btw, what yeast strains are we talking about?  70f isn't scary high but it's higher than i would ferment most yeast strains in a high gravity brew


<edit>  my original comment was based on barleywine not mead or belgian beers
« Last Edit: March 03, 2011, 06:07:16 PM by jaybeerman »

Offline gordonstrong

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Re: Best high gravity/high alcohol tolerant yeast?
« Reply #22 on: March 03, 2011, 02:44:59 PM »
3787.  Start cool, but let it rise to where it wants to be.  Do not try to cool it down, or it will stop on you.  Let it finish.  It knows what it's doing.  Plenty of oxygen, sufficient nutrients, bigass starter, yada yada.  You'd need to do that for any strain.
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Offline bonjour

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Re: Best high gravity/high alcohol tolerant yeast?
« Reply #23 on: March 03, 2011, 05:28:46 PM »
I usually let it run hot, right at the top of the temp range, for the first 48 to 72 hours,
IMHO, no never.  Especially on a big beer.  You do NOT want to develop any fusels from higher temps.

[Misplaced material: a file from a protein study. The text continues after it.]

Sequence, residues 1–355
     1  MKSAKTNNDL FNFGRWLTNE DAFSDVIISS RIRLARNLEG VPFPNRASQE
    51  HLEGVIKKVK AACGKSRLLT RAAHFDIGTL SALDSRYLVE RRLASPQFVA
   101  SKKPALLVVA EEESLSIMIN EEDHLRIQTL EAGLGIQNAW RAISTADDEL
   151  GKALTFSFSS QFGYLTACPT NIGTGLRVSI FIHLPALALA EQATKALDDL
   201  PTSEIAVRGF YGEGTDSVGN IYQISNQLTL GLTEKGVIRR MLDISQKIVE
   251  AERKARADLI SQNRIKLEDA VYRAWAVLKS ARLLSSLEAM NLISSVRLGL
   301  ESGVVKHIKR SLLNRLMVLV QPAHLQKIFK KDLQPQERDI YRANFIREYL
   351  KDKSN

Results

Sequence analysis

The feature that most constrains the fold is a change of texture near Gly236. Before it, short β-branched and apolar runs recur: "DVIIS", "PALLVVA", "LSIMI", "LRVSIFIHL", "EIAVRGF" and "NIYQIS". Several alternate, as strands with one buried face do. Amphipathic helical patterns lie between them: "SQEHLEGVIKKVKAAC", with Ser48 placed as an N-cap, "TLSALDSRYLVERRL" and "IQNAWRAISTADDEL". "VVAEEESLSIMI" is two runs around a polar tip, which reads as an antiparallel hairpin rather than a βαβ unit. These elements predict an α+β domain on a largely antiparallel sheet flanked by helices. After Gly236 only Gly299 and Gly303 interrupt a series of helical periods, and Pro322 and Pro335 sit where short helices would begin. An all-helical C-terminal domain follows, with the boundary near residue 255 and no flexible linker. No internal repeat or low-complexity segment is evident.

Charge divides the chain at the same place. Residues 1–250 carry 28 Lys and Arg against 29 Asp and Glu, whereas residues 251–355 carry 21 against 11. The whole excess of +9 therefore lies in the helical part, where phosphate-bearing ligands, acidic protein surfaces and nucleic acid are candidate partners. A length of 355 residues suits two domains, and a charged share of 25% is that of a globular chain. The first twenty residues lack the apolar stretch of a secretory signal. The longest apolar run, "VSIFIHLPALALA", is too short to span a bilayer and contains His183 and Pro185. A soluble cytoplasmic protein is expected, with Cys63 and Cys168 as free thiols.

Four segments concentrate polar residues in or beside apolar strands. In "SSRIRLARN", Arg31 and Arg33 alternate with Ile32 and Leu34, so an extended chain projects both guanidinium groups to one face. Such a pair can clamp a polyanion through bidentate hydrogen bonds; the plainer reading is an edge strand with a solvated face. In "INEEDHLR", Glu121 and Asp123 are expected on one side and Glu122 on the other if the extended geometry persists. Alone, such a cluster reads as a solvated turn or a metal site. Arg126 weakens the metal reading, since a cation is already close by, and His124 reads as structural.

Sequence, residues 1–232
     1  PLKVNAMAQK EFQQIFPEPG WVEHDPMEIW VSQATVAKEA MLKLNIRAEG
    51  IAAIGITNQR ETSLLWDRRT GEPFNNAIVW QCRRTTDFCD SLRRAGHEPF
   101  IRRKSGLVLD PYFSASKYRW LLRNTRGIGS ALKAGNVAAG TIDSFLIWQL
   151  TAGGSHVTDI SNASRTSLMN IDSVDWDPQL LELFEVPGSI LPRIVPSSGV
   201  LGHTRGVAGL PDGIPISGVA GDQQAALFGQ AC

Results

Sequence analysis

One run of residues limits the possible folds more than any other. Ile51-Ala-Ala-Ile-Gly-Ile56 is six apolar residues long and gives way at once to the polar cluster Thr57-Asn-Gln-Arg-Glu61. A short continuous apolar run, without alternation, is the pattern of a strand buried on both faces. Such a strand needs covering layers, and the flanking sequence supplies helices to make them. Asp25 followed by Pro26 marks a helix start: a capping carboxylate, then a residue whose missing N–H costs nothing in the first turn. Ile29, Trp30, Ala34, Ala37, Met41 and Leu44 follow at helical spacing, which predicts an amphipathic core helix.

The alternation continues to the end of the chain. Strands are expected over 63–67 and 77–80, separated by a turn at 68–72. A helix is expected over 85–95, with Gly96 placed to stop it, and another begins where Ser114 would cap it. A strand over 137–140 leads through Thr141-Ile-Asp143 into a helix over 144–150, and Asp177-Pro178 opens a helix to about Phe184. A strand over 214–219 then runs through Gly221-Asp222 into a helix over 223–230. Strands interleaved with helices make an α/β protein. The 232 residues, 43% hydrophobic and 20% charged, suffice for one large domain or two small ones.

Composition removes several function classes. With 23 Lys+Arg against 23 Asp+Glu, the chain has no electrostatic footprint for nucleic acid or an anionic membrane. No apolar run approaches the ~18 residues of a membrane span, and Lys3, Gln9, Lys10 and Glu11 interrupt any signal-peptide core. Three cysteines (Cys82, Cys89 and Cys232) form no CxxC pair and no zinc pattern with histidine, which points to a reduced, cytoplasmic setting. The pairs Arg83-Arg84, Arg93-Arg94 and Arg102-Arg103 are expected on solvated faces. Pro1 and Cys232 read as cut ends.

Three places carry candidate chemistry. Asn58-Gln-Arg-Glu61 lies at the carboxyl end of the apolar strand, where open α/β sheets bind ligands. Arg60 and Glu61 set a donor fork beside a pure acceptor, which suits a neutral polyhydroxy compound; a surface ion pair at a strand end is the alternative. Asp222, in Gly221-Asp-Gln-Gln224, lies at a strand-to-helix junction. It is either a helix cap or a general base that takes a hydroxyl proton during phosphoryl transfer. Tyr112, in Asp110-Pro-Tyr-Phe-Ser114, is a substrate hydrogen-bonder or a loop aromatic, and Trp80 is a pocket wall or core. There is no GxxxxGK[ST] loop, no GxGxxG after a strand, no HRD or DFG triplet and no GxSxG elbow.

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Offline bonjour

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Re: Best high gravity/high alcohol tolerant yeast?
« Reply #24 on: March 03, 2011, 05:54:05 PM »
The best yeast,  I do not believe it makes a big difference.  What makes a big difference is to take care of the fermentation.

I typically brew something like a mild as a starter, or alternately for this big of a beer start with 3 packs of rehydrated US-05.
Plenty of O2.

Fred Bonjour
Co-Chair Mashing in Michigan 2014 AHA Conference in Grand Rapids, Michigan
AHA Governing Committee; AHA Conference, Club Support & Web Subcommittees



Everything under 1.100 is a 'session' beer ;)